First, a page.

- Compliance check results in underage citations at four Cape bars (7/19/17)1
- Former Sikeston DPS director denies knowing about allegations against detective (7/20/17)1
- 49-year-old homicide victim found in Cape (7/20/17)
- Lying police? Missing files, lost evidence: Newspaper investigation reveals glaring details in David Robinson case (7/16/17)3
- Buffalo Wild Wings to hold fundraiser Wednesday for ailing Cape officer (7/19/17)1
- Isle Casino to host wide-ranging career fair Wednesday (7/16/17)
- At least one Perryville cop disciplined for misconduct (7/20/17)1
- Sikeston detective's files about murder suspect missing from DPS (7/18/17)1
- More details emerge in Perryville police-misconduct case (7/21/17)
- Witnesses make claims of officer corruption in Box/Robinson case (7/17/17)1
Government issues recall for all Segway scooters; they can tip
WASHINGTON -- Segway scooters, touted as almost untippable when unveiled two years ago, are being recalled. It turns out they don't work so well when the batteries get low -- riders have fallen off and been injured.
The Consumer Product Safety Commission announced the recall Friday of all 6,000 scooters that have been sold, saying three people had been hurt. One suffered a head wound and needed stitches.
Commission spokesman Ken Giles said Segway told the agency about the problem.
Segway is offering to install for free new software that will warn when battery power is running down and then will automatically shut down the scooters. Newly built scooters contain the upgraded software.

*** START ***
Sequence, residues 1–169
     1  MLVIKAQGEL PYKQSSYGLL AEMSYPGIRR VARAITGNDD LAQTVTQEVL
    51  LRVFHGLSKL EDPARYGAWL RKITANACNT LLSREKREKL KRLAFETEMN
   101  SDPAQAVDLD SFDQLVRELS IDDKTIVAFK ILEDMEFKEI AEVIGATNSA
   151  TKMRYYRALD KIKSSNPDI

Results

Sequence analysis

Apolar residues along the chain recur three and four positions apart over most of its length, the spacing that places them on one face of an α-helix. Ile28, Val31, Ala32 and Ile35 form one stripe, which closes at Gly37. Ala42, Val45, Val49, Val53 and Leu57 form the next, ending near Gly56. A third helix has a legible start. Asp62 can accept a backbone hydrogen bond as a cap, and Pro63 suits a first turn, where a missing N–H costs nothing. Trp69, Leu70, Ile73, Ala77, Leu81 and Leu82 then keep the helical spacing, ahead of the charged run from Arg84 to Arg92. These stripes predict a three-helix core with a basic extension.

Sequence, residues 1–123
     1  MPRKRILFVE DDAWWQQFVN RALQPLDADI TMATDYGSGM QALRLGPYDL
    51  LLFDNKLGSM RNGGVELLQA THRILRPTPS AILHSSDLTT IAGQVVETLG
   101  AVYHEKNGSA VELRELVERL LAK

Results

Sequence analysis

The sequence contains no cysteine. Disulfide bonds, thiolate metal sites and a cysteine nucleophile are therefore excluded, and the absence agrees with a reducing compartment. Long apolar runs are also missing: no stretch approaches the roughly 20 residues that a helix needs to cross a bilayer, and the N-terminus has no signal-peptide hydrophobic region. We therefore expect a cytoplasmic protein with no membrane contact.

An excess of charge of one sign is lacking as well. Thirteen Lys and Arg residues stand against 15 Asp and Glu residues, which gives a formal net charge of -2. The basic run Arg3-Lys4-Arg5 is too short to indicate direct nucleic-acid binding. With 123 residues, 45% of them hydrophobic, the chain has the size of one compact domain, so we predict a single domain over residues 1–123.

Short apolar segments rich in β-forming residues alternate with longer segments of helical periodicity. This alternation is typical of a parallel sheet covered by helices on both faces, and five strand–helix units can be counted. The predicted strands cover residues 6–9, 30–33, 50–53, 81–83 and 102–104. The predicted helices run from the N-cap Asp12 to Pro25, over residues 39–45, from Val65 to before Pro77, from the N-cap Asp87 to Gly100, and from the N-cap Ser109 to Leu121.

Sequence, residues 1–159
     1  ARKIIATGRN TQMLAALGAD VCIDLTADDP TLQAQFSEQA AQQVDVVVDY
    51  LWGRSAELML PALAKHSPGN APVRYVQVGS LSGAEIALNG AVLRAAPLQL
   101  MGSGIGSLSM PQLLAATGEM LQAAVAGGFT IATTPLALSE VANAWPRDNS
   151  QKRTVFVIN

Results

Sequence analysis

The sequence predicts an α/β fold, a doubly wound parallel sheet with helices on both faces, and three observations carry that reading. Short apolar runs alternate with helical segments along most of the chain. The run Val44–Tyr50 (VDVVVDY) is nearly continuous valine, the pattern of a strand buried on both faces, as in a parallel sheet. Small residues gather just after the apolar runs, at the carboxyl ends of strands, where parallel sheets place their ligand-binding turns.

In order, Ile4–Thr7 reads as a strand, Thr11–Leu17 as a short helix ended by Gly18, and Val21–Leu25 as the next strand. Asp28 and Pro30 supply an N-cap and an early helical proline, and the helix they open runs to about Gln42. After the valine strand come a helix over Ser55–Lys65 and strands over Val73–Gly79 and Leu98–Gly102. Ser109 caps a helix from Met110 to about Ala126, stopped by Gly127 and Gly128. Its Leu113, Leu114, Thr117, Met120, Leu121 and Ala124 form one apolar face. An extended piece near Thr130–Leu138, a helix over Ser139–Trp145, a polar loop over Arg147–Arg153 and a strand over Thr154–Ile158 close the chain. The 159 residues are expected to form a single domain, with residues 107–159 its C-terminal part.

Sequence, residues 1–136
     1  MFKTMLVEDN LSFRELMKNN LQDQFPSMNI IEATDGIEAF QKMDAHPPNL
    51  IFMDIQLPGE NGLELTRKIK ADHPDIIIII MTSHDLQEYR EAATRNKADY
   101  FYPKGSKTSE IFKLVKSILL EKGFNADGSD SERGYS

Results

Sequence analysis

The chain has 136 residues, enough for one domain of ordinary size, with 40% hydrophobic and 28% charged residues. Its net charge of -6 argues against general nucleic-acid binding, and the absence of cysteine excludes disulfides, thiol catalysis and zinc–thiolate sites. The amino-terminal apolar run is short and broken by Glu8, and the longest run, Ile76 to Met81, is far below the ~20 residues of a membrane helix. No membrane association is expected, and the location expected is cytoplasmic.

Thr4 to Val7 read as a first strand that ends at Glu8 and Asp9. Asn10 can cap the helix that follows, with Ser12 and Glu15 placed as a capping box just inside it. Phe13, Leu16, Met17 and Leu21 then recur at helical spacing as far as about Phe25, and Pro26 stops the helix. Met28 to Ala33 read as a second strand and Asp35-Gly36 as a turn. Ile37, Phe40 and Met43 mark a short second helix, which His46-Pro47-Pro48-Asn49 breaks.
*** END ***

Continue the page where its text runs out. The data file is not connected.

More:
"We have very high confidence in the safety of the Segway HT and this software upgrade further enhances the safety margins of the machine," Segway said in a statement.
The single-rider, two-wheeled Segway Human Transporters can travel up to 12 mph. Costing $4,950 each, they use gyroscopes to keep upright, making them less likely to fall or be knocked over.
But scooters being operated with low battery power may not have enough juice to remain upright when the rider suddenly speeds up or tries to drive over a bump or up an incline.
The Segway was unveiled in December 2001 to much fanfare by Dean Kamen, an inventor who holds some 100 patents, including a wheelchair that climbs stairs and the first portable kidney dialysis machine.
The U.S. Postal Service has bought 40 of the scooters to test.
For weeks after the Segways were introduced, TV personalities were showing them off on nearly every channel and network.
They got another splash of publicity last summer when President Bush tried one and went flying off at his dad's oceanside compound in Kennebunkport, Maine.
The Segway went down on the president's first attempt, but he stayed on his feet with a leap over the machine. Undeterred, he got on again. His father climbed on a second Segway and they cruised around the driveway at the estate.
The Manchester, N.H.-based company has lobbied states to allow the electric-powered scooters on sidewalks, promoting them as a way to relieve congestion; more than half the states have gone along.
But Jonathan Adkins, spokesman for the Governors Highway Safety Association, which represents state highway safety programs, said there still are safety questions.
Segway "completely rushed these products into cities without adequate consideration as to the impact on public safety," he said. Adkins said there have been no studies on how to safely operate the scooters when they have to share sidewalks with pedestrians and streets with other vehicles.
Commercial and consumer models on the recall list include the Segway HT i167 (i series), the e167 (e series) and p133 (p series).
While Segway plans to contact owners, consumers also may call the company toll free at 1-877-889-9020 between 8 a.m. and 8 p.m. weekdays to obtain the free upgrade. Details also will be posted on the company's Web site at http://www.segway.com.
On the Net:
CPSC announcement: http://www.cpsc.gov/cpscpub/prerel/prhtml03/03553.html